=20
=20
=20
=20
 Thanks!
      Bit
--=20 Russel. =3D=3D=3D=3D=3D=3D=3D=3D=3D=3D=3D=3D=3D=3D=3D=3D=3D=3D=3D=3D=3D=3D=3D=3D=3D= =3D=3D=3D=3D=3D=3D=3D=3D=3D=3D=3D=3D=3D=3D=3D=3D=3D=3D=3D=3D=3D=3D=3D=3D=3D= =3D=3D=3D=3D=3D=3D=3D=3D=3D=3D=3D=3D=3D=3D=3D=3D=3D=3D=3D=3D=3D=3D=3D=3D=3D= =3D=3D Dr Russel Winder t: +44 20 7585 2200 voip: sip:russel.winder ekiga.n= et 41 Buckmaster Road m: +44 7770 465 077 xmpp: russel winder.org.uk London SW11 1EN, UK w: www.russel.org.uk skype: russel_winder
Sep 28 2015
parent reply bitwise <bitwise.pvt gmail.com> writes:
On Monday, 28 September 2015 at 11:47:38 UTC, Russel Winder wrote:
 I hadn't answered as I do not have answers to the questions you 
 ask. My reason: people should not be doing their codes using 
 these low-level shared memory techniques. Data parallel things 
 should be using the std.parallelism module. Dataflow-style 
 things should be using spawn and channels – akin to the way you 
 do things in Go.

 So to give you an answer I would go back a stage, forget 
 threads, mutexes, synchronized, etc. and ask what do you want 
 you workers to do? If they are to do something and return a 
 result then spawn and channel is exactly the right abstraction 
 to use. Think "farmer–worker", the farmer spawns the workers 
 and then collects their results. No shared memory anywyere – at 
 least not mutable.
https://www.youtube.com/watch?v=S7pGs7JU7eM Bit
Sep 28 2015
parent Russel Winder via Digitalmars-d-learn <digitalmars-d-learn puremagic.com> writes:
On Tue, 2015-09-29 at 03:05 +0000, bitwise via Digitalmars-d-learn
wrote:
 On Monday, 28 September 2015 at 11:47:38 UTC, Russel Winder wrote:
 I hadn't answered as I do not have answers to the questions you=20
 ask. My reason: people should not be doing their codes using=20
 these low-level shared memory techniques. Data parallel things=20
 should be using the std.parallelism module. Dataflow-style=20
 things should be using spawn and channels =E2=80=93 akin to the way you=
=20
 do things in Go.
=20
 So to give you an answer I would go back a stage, forget=20
 threads, mutexes, synchronized, etc. and ask what do you want=20
 you workers to do? If they are to do something and return a=20
 result then spawn and channel is exactly the right abstraction=20
 to use. Think "farmer=E2=80=93worker", the farmer spawns the workers=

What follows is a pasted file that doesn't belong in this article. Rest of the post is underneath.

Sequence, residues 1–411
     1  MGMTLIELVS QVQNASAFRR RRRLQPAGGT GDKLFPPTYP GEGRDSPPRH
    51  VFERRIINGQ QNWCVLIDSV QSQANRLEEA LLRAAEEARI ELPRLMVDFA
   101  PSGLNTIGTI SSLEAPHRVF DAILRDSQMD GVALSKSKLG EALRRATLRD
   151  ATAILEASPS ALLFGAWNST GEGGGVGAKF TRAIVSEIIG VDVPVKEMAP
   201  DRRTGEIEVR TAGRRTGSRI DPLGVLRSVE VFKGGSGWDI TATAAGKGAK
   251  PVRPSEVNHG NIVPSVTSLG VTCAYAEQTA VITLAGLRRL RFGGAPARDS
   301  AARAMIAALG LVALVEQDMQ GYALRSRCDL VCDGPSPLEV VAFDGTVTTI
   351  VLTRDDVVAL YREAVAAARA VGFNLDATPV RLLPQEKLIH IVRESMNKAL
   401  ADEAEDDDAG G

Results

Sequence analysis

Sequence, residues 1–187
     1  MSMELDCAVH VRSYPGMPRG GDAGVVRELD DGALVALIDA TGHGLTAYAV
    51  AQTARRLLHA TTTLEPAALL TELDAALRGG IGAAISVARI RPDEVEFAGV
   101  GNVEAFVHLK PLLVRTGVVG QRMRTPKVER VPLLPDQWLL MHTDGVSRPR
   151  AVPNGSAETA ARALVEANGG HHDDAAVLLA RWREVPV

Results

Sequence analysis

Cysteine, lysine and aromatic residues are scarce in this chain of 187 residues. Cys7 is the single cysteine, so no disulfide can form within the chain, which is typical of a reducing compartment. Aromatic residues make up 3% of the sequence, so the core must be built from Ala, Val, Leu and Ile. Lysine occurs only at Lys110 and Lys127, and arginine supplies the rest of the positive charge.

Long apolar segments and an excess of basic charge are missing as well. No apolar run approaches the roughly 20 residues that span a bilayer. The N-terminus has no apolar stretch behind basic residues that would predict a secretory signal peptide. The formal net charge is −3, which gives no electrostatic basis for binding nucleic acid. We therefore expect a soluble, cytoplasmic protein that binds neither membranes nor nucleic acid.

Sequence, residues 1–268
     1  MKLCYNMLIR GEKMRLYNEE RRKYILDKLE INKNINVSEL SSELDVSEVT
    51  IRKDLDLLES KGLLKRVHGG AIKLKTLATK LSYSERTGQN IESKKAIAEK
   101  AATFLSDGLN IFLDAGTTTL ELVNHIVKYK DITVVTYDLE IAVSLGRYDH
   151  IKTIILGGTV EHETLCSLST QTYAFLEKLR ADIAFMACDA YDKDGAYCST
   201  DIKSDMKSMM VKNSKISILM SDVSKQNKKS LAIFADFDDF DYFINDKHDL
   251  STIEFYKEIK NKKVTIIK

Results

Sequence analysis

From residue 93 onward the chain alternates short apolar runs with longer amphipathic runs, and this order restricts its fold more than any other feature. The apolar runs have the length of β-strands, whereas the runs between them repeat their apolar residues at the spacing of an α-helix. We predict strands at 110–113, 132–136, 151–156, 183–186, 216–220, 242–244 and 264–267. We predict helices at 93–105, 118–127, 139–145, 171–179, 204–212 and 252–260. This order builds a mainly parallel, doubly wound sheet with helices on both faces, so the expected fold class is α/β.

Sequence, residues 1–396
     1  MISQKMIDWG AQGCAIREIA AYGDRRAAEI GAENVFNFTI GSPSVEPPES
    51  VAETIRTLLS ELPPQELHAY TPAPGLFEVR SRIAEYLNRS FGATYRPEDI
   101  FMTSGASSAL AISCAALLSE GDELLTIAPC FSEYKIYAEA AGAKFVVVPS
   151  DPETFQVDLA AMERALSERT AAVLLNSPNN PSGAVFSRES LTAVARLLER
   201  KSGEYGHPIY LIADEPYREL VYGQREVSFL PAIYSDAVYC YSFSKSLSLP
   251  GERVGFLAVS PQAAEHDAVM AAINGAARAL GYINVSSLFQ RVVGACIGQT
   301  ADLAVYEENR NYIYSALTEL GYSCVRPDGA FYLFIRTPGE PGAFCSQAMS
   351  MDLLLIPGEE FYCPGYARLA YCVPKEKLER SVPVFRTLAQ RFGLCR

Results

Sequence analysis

=20
 and then collects their results. No shared memory anywyere =E2=80=93 at=
=20
 least not mutable.
=20 https://www.youtube.com/watch?v=3DS7pGs7JU7eM =20 Bit
What's the tl;dr as text, I very, very rarely watch videos. --=20 Russel. =3D=3D=3D=3D=3D=3D=3D=3D=3D=3D=3D=3D=3D=3D=3D=3D=3D=3D=3D=3D=3D=3D=3D=3D=3D= =3D=3D=3D=3D=3D=3D=3D=3D=3D=3D=3D=3D=3D=3D=3D=3D=3D=3D=3D=3D=3D=3D=3D=3D=3D= =3D=3D=3D=3D=3D=3D=3D=3D=3D=3D=3D=3D=3D=3D=3D=3D=3D=3D=3D=3D=3D=3D=3D=3D=3D= =3D=3D Dr Russel Winder t: +44 20 7585 2200 voip: sip:russel.winder ekiga.n= et 41 Buckmaster Road m: +44 7770 465 077 xmpp: russel winder.org.uk London SW11 1EN, UK w: www.russel.org.uk skype: russel_winder
Sep 29 2015
prev sibling next sibling parent reply Steven Schveighoffer <schveiguy yahoo.com> writes:
On 9/25/15 11:19 AM, bitwise wrote:
 Hey, I've got a few questions if anybody's got a minute.

 I'm trying to wrap my head around the threading situation in D. So far,
 things seem to be working as expected, but I want to verify my solutions.

 1) Are the following two snippets exactly equivalent(not just in
 observable behaviour)?
 a)

 Mutex mut;
 mut.lock();
 scope(exit) mut.unlock();

 b)
 Mutex mut;
 synchronized(mut) { }

 Will 'synchronized' call 'lock' on the Mutex, or do something
 else(possibly related to the interface Object.Monitor)?
Yes. A mutex object has it's internal lock as its monitor.
 2) Phobos has 'Condition' which takes a Mutex in the constructor. The
 documentation doesn't exactly specify this, but should I assume it works
 the same as std::condition_variable in C++?
I am not sure about std::condition_variable. core.sync.condition works like a standard condition (https://en.wikipedia.org/wiki/Monitor_%28synchronization%29)
 For example, is this correct?

 Mutex mut;
 Condition cond = new Condition(mut);

 // mut must be locked before calling Condition.wait
 synchronized(mut)  // depends on answer to (1)
 {
      // wait() unlocks the mutex and enters wait state
      // wait() must re-acquire the mutex before returning when cond is
 signalled
      cond.wait();
 }
Yes, I believe it is.
 3) Why do I have to pass a "Mutex" to "Condition"? Why can't I just pass
 an "Object"?
An object that implements the Monitor interface may not actually be a mutex. For example, a pthread_cond_t requires a pthread_mutex_t to operate properly. If you passed it anything that can act like a lock, it won't work. So the Condition needs to know that it has an actual Mutex, not just any lock-like object. I think I advocated in the past to Sean that Condition should provide a default ctor that just constructs a mutex, but it doesn't look like that was done.
 4) Will D's Condition ever experience spurious wakeups?
What do you mean by "spurious"? If you notify a condition, anything that is waiting on it can be woken up. Since the condition itself is user defined, there is no way for the actual Condition to verify you will only be woken up when it is satisfied. In terms of whether a condition could be woken when notify *isn't* called, I suppose it's possible (perhaps interrupted by a signal?). But I don't know why it would matter -- per above you should already be checking the condition while within the lock. I think there are cases with multiple threads where you can potentially wake up the thread waiting on a condition AFTER the condition was already reset by another.
 5) Why doesn't D's Condition.wait take a predicate? I assume this is
 because the answer to (4) is no.
The actual "condition" that you are waiting on is up to you to check/define.
 6) Does 'shared' actually have any effect on non-global variables beside